Fonterra is keeping mum on who wants to be a partner in online subsidiary Fencepost’s planned rural telco network, except to say the interested parties “all have a presence in New Zealand”.
By last Monday Fonterra had received “a fair few” expressions of interest in response to newspaper ads, including some from overseas, says Fencepost acting head Mike Ryan. “Some of them are people I’d never heard of.”
Fencepost will work with five original bidders — who have been in discussions with the organisation for some time — to get their proposals “up to another level” and invite a shortlist to make more detailed proposals. The successful bidder will be decided later this year.
Requirements include the ability to get the service up and running within a year at 64kbit/s, with the capability to scale up to higher speeds after that and the ability to offer a package which includes more than just data, potentially involving voice and video.
Walker Wireless chief executive Bob Smith wouldn’t comment on whether Walker was one of the five, saying “it’s up to Fonterra to comment”.
He did say that the company, which is trialling new wireless technology, is keen to talk to community groups in rural and provincial areas about providing broadband access. The idea of a wireless rural broadband network to compete with Telecom’s copper-based services in that market is “extremely viable”, he says. Rural internet users aren’t well served at present, he says. “[Telecom’s copper network] was never built for broadband — the distances from exchange to exchange make it very difficult.”
Telecom spokeswoman Linda Sanders doubts the viability of setting up a network to service Fonterra’s shareholding dairy farmers from Northland to Bluff.
“I don’t think [Fonterra] are talking about a network per se — I don’t think anyone has the capability to do it.” Rather, she sees different technologies being deployed in different places depending on the circumstances.
Fencepost’s advertisement, however, says it is looking for providers able to initially offer 64kbit/s data services “for all Fonterra dairy farmers and almost all other rural dwellers”. Its proposal also requires the partner to come up with the cash for the investment, though Ryan says the companies are uncommitted at present on how the enterprise will be funded. “It depends entirely on the partner and the type of operation we set up.”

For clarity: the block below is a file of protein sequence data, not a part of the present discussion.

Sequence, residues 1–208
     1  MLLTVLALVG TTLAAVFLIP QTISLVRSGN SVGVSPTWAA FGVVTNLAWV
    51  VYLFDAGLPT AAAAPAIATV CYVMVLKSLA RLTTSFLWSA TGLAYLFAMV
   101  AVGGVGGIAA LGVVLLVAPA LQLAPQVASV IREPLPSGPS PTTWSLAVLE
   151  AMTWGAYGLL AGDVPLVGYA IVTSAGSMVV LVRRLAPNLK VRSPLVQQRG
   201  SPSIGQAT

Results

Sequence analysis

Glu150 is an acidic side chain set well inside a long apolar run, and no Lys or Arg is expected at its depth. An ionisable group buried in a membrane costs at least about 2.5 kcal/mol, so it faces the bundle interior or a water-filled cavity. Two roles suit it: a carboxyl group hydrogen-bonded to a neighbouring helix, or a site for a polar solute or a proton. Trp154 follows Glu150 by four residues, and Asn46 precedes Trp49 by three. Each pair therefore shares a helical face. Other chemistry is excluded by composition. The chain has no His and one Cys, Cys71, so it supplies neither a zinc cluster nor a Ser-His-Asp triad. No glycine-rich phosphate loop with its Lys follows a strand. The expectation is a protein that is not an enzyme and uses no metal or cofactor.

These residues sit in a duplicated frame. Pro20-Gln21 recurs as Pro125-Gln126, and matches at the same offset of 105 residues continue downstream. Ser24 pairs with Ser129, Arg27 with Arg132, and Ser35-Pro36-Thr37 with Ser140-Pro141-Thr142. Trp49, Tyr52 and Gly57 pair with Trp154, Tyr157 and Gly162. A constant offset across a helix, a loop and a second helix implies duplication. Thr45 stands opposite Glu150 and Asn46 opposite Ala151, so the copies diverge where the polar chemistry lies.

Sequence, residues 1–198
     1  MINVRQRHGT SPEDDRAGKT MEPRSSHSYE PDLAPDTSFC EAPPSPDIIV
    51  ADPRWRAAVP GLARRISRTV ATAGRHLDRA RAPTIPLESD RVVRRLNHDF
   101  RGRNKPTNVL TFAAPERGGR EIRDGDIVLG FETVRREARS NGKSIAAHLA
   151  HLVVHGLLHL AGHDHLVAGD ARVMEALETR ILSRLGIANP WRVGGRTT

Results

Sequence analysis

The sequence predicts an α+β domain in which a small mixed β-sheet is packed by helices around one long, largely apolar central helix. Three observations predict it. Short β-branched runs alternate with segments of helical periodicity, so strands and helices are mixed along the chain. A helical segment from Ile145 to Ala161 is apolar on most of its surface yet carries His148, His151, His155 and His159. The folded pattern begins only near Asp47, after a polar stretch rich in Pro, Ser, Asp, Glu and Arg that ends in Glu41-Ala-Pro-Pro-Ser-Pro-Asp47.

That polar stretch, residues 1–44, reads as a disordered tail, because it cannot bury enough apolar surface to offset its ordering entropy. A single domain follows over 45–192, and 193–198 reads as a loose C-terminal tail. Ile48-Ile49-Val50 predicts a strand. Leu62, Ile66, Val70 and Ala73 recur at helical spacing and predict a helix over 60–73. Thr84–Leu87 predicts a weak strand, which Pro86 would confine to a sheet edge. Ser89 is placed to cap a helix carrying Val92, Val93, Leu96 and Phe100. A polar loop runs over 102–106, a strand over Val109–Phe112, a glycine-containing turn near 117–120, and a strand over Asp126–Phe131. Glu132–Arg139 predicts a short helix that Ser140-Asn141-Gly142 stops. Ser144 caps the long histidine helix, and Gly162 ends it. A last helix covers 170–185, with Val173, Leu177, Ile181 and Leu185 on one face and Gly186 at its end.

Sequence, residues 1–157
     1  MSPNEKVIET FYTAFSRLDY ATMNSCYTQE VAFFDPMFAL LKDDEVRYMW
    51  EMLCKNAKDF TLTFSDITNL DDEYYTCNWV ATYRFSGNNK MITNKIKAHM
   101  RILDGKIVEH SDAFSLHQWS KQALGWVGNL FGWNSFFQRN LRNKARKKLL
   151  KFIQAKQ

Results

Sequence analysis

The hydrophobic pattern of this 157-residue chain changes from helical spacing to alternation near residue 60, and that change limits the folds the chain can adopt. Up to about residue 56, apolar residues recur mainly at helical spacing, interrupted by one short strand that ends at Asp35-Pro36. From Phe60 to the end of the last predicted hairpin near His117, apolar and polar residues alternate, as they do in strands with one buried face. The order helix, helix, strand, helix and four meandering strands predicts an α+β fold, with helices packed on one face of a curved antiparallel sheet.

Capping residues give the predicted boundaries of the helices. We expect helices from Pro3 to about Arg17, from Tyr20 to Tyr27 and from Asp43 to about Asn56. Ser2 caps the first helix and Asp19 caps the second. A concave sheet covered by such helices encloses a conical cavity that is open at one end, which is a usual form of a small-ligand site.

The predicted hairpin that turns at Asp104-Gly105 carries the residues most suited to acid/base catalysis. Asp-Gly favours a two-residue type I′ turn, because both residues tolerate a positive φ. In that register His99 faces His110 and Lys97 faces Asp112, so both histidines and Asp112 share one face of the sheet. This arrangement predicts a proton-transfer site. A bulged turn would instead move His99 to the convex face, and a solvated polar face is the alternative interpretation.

If the proposals are based on wireless, Sanders notes adverse weather can affect such services and that electric fence interference, users’ modems and inference from Sky Television transmission can all affect rural internet services.
Fencepost is a Telecom client and the two companies continue to talk about services to the rural sector, she says. CDMA, Telecom’s new mobile technology, is being tested to see whether it would be a suitable replacement for the more limited multi-access radio, Telecom’s fixed radio system used in areas where cables can’t be laid. “Multi-access radio ... is designed for voice only and we’ve been looking in a couple of places to see whether it’s a viable alternative.”
Ihug director Tim Wood says the ISP has an existing relationship with Fencepost and fellow Fonterra online arm RD1 through which it promotes its Ultra satellite high-speed internet service.
The rural telco proposal is “broader” than Ultra, but Ihug was planning to put in an expression of interest, Wood says.
Other possible contenders include BCL, TVNZ’s transmission arm, which has a nationwide chain of transmission towers, though that may be in cooperation with another provider, as Lawson told Computerworld last year that BCL is “a wholesaler, a carriers’ carrier”.
Vodafone wasn’t one of the original five, spokesperson Sarah McGovern said last week. However, she told Computerworld the company was looking at putting in a proposal as part of a second pool of applicants despite the “quite short” deadline — January 18.
Fonterra, the cooperative entity resulting from the merger of New Zealand’s biggest dairy companies and the former Dairy Board, has approximately 13,000 farmer-shareholders.